Serine-rich repeat glycoproteins are adhesins expressed by commensal and pathogenic Gram-positive bacteria. A subset of these adhesins, expressed by oral streptococci, binds sialylated glycans decorating human salivary mucin MG2/MUC7, and platelet glycoprotein GPIb. Specific sialoglycan targets were previously identified for the ligand-binding regions (BRs) of GspB and Hsa, two serine-rich repeat glycoproteins expressed by Streptococcus gordonii While GspB selectively binds sialyl-T antigen, Hsa displays broader specificity. Here we examine the binding properties of four additional BRs from Streptococcus sanguinis or Streptococcus mitis and characterize the molecular determinants of ligand selectivity and affinity. Each BR has two domains that are essential for sialoglycan binding by GspB. One domain is structurally similar to the glycan-binding module of mammalian Siglecs (sialic acid-binding immunoglobulin-like lectins), including an arginine residue that is critical for glycan recognition, and that resides within a novel, conserved YTRY motif. Despite low sequence similarity to GspB, one of the BRs selectively binds sialyl-T antigen. Although the other three BRs are highly similar to Hsa, each displayed a unique ligand repertoire, including differential recognition of sialyl Lewis antigens and sulfated glycans. These differences in glycan selectivity were closely associated with differential binding to salivary and platelet glycoproteins. Specificity of sialoglycan adherence is likely an evolving trait that may influence the propensity of streptococci expressing Siglec-like adhesins to cause infective endocarditis.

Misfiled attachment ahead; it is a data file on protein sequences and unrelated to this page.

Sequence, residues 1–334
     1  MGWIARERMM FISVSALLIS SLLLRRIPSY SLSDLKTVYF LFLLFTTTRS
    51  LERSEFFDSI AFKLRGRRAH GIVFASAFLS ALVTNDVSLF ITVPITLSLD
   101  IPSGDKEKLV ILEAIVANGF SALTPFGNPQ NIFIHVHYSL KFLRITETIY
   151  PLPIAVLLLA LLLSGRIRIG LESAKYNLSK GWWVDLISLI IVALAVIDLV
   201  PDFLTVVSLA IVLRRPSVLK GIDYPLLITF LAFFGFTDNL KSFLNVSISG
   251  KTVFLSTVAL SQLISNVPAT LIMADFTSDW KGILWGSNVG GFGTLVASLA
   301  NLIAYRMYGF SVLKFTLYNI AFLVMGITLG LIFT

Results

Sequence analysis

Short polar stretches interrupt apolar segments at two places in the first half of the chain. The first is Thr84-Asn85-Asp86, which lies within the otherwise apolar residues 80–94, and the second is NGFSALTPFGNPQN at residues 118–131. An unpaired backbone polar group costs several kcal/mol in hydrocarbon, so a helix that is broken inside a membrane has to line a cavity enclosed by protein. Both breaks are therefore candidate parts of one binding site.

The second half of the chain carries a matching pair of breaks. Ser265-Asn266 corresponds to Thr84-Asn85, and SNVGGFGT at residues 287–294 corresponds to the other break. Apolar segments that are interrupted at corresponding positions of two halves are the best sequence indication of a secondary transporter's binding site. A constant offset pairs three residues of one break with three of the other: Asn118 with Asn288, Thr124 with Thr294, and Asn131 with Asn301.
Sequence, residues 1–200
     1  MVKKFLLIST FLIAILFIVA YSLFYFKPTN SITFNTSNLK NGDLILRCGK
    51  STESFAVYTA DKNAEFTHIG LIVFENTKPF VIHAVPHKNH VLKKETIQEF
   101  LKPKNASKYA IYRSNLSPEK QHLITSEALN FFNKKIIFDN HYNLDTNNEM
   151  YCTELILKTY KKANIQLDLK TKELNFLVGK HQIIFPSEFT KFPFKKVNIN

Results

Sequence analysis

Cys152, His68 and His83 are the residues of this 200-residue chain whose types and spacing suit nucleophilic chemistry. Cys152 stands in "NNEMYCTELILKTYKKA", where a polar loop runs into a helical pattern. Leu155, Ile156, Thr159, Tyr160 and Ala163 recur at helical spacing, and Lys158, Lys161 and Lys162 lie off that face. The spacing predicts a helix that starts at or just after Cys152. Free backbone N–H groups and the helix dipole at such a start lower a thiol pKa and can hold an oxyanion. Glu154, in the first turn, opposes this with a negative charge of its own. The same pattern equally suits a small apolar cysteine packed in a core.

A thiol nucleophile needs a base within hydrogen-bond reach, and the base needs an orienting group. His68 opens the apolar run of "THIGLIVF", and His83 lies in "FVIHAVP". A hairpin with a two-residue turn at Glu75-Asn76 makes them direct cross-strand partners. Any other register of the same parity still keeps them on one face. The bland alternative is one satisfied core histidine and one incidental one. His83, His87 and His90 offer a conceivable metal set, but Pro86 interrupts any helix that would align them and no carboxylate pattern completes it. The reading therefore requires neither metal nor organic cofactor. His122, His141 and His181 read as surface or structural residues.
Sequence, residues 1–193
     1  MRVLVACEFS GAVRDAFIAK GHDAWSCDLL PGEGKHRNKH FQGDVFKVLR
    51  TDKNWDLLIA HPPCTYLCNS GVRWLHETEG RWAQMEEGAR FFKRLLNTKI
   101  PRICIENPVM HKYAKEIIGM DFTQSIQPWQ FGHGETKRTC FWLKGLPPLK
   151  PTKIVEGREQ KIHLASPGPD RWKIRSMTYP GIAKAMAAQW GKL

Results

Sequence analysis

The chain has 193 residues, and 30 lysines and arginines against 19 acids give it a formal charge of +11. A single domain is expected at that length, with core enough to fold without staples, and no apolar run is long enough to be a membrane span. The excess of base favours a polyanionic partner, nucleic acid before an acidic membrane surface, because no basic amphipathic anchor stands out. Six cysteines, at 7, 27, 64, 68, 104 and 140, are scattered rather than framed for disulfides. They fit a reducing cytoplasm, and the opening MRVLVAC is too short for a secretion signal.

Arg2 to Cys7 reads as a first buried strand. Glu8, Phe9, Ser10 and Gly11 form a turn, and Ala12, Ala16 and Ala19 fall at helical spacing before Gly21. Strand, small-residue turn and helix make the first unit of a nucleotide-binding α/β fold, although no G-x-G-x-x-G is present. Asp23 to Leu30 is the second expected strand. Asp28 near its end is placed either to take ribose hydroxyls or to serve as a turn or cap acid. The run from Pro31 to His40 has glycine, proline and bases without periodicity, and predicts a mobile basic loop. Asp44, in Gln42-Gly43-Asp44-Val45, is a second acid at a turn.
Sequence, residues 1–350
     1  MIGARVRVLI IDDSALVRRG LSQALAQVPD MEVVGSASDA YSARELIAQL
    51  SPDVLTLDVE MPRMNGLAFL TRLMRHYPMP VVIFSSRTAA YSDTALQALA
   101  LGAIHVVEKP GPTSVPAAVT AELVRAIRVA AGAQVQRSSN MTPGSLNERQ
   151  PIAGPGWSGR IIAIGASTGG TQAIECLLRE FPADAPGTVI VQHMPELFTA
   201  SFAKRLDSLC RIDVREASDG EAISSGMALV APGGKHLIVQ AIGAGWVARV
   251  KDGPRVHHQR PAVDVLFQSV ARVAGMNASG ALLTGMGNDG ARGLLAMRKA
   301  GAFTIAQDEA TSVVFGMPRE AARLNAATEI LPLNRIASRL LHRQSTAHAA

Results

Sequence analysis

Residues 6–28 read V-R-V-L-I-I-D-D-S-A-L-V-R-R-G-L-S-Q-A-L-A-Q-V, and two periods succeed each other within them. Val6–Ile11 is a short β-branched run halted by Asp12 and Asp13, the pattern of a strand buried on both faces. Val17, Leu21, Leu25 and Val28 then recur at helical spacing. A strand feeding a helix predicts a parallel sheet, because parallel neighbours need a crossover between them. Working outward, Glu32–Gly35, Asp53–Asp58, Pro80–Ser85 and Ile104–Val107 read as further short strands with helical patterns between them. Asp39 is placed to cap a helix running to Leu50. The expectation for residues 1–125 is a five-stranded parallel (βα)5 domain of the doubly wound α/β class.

Published by Oxford University Press 2016. This work is written by (a) US Government employee(s) and is in the public domain in the US.